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  1. Abstract

    JWST Near Infrared Camera (NIRCam) observations at 1.5–4.5μm have provided broadband and narrowband imaging of the evolving remnant of SN 1987A with unparalleled sensitivity and spatial resolution. Comparing with previous marginally spatially resolved Spitzer Infrared Array Camera (IRAC) observations from 2004 to 2019 confirms that the emission arises from the circumstellar equatorial ring (ER), and the current brightness at 3.6 and 4.5μm was accurately predicted by extrapolation of the declining brightness tracked by IRAC. Despite the regular light curve, the NIRCam observations clearly reveal that much of this emission is from a newly developing outer portion of the ER. Spots in the outer ER tend to lie at position angles in between the well-known ER hotspots. We show that the bulk of the emission in the field can be represented by five standard spectral energy distributions, each with a distinct origin and spatial distribution. This spectral decomposition provides a powerful technique for distinguishing overlapping emission from the circumstellar medium and the supernova ejecta, excited by the forward and reverse shocks, respectively.

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  2. Abstract

    We present initial results from a James Webb Space Telescope (JWST) survey of the youngest Galactic core-collapse supernova remnant, Cassiopeia A (Cas A), made up of NIRCam and MIRI imaging mosaics that map emission from the main shell, interior, and surrounding circumstellar/interstellar material (CSM/ISM). We also present four exploratory positions of MIRI Medium Resolution Spectrograph integral field unit spectroscopy that sample ejecta, CSM, and associated dust from representative shocked and unshocked regions. Surprising discoveries include (1) a weblike network of unshocked ejecta filaments resolved to ∼0.01 pc scales exhibiting an overall morphology consistent with turbulent mixing of cool, low-entropy matter from the progenitor’s oxygen layer with hot, high-entropy matter heated by neutrino interactions and radioactivity; (2) a thick sheet of dust-dominated emission from shocked CSM seen in projection toward the remnant’s interior pockmarked with small (∼1″) round holes formed by ≲0.″1 knots of high-velocity ejecta that have pierced through the CSM and driven expanding tangential shocks; and (3) dozens of light echoes with angular sizes between ∼0.″1 and 1′ reflecting previously unseen fine-scale structure in the ISM. NIRCam observations place new upper limits on infrared emission (≲20 nJy at 3μm) from the neutron star in Cas A’s center and tightly constrain scenarios involving a possible fallback disk. These JWST survey data and initial findings help address unresolved questions about massive star explosions that have broad implications for the formation and evolution of stellar populations, the metal and dust enrichment of galaxies, and the origin of compact remnant objects.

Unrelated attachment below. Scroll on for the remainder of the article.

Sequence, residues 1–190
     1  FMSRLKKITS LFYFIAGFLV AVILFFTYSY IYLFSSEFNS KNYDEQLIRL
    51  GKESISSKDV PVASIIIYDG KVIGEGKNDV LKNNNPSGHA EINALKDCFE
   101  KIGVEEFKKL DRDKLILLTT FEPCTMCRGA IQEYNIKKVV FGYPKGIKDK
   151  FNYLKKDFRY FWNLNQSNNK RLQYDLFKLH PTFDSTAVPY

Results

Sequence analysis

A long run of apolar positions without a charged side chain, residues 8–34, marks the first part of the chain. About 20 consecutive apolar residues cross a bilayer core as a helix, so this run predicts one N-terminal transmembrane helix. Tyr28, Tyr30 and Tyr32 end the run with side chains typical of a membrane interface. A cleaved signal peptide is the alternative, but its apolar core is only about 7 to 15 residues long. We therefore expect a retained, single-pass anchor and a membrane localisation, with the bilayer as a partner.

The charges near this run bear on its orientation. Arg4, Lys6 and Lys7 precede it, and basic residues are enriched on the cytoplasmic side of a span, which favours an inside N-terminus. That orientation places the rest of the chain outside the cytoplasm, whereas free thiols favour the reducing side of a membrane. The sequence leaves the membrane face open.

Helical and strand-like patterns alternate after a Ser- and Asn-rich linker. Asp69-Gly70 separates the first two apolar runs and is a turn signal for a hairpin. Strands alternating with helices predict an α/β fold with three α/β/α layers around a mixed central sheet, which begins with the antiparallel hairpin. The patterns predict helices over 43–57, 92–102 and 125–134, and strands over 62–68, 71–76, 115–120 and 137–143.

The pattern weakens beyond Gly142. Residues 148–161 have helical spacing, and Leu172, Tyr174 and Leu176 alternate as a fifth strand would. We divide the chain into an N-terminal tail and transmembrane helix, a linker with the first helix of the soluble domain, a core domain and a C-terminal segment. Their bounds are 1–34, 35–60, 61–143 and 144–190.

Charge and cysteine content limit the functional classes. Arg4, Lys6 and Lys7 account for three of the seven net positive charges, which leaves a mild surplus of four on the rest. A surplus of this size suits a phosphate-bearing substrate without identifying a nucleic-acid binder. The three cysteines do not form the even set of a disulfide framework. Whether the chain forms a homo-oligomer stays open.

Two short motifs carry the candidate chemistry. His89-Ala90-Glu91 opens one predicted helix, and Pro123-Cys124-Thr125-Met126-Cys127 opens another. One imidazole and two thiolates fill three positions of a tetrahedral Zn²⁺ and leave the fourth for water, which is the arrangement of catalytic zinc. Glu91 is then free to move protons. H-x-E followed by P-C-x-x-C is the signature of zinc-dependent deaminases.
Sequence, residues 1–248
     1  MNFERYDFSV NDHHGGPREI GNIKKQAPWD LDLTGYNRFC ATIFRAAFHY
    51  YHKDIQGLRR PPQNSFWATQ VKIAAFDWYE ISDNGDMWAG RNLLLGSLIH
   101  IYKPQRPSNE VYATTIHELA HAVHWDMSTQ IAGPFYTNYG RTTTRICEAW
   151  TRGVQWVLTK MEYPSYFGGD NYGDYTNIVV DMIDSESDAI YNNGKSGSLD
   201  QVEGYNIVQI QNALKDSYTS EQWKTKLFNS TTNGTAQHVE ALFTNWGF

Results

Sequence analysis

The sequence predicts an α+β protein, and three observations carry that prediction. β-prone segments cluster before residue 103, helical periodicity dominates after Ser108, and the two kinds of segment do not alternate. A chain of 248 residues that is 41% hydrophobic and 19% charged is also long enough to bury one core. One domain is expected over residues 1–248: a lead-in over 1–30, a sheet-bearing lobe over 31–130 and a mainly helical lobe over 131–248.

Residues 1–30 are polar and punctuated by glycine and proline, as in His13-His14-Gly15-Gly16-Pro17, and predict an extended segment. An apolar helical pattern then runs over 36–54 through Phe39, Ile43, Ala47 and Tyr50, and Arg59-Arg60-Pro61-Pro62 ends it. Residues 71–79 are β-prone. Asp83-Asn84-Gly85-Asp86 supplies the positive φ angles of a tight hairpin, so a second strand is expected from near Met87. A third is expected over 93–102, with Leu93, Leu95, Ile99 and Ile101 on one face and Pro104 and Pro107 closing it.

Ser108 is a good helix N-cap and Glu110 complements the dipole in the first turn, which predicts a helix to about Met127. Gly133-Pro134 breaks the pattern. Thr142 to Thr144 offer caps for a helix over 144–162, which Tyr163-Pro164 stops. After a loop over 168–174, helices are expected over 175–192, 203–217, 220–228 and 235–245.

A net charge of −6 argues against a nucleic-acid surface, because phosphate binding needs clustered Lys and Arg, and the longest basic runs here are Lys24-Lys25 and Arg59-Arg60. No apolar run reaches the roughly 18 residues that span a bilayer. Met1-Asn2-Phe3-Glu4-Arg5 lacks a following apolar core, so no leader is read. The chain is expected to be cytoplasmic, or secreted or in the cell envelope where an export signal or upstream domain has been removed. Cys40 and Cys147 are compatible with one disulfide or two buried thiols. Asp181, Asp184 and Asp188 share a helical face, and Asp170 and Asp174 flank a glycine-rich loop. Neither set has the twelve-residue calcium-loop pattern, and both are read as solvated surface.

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  3. We present photometric and spectroscopic observations of the Type IIn supernova SN 2019zrk (also known as ZTF 20aacbyec). The SN shows a > 100 day precursor, with a slow rise, followed by a rapid rise to M  ≈ −19.2 in the r and g bands. The post-peak light-curve decline is well fit with an exponential decay with a timescale of ∼39 days, but it shows prominent undulations, with an amplitude of ∼1 mag. Both the light curve and spectra are dominated by an interaction with a dense circumstellar medium (CSM), probably from previous mass ejections. The spectra evolve from a scattering-dominated Type IIn spectrum to a spectrum with strong P-Cygni absorptions. The expansion velocity is high, ∼16 000 km s −1 , even in the last spectra. The last spectrum ∼110 days after the main eruption reveals no evidence for advanced nucleosynthesis. From analysis of the spectra and light curves, we estimate the mass-loss rate to be ∼4 × 10 −2   M ⊙ yr −1 for a CSM velocity of 100 km s −1 , and a CSM mass of 1  M ⊙ . We find strong similarities for both the precursor, general light curve, and spectral evolution with SN 2009ip and similar SNe, although SN 2019zrk displays a brighter peak magnitude. Different scenarios for the nature of the 09ip-class of SNe, based on pulsational pair instability eruptions, wave heating, and mergers, are discussed. 
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  4. null (Ed.)